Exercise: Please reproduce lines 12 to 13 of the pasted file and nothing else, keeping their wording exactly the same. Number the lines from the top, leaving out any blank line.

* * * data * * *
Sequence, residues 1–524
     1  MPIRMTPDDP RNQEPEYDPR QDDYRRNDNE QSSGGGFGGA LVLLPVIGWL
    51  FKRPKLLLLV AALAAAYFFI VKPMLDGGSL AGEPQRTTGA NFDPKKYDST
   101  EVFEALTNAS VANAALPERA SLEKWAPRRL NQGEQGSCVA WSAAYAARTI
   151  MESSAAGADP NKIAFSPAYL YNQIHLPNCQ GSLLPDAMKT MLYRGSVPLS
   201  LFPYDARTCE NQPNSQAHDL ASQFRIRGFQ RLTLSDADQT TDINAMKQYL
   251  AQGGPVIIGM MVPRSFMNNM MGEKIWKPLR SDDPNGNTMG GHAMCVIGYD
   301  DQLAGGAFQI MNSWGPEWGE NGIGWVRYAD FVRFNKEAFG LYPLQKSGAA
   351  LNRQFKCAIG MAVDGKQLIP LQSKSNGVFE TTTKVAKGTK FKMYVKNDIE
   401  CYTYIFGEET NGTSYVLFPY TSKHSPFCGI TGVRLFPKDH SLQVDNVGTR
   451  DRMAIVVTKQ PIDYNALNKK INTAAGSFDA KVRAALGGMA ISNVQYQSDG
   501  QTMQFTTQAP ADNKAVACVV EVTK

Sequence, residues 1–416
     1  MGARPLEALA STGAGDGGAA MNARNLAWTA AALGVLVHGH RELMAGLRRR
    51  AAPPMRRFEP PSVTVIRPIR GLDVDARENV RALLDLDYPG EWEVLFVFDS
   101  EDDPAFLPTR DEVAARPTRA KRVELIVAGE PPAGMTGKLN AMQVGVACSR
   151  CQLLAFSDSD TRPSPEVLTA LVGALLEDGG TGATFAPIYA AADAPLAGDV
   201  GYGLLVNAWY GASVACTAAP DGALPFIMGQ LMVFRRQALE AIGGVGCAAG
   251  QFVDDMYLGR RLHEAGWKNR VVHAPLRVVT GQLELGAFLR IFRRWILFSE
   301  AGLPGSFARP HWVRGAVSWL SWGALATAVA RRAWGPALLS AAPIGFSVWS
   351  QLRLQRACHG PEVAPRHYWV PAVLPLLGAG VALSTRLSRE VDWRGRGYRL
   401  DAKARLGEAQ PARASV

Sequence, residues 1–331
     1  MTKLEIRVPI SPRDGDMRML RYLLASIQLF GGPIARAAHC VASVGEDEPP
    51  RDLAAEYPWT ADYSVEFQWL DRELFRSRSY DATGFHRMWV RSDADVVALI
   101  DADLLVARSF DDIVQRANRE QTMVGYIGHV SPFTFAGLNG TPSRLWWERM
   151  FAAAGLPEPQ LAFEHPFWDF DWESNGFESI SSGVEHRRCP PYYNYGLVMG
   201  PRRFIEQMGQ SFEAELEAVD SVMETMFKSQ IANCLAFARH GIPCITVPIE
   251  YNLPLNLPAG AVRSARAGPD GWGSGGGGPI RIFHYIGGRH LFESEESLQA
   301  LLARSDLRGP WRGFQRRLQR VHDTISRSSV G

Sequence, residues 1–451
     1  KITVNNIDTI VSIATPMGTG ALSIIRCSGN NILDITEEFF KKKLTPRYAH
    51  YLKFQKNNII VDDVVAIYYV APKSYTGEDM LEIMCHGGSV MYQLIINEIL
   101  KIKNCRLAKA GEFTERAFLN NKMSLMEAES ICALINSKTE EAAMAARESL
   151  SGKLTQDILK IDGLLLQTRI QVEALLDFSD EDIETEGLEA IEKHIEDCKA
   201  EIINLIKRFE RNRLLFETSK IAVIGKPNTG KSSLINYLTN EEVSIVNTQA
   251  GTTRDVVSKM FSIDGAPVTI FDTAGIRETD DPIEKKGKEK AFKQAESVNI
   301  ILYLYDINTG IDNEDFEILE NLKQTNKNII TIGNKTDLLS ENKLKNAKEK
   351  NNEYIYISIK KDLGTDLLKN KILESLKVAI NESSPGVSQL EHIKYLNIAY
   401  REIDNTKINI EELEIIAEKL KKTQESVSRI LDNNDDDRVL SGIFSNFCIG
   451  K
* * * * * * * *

   501  QTMQFTTQAP ADNKAVACVV EVTK

Sequence, residues 1–416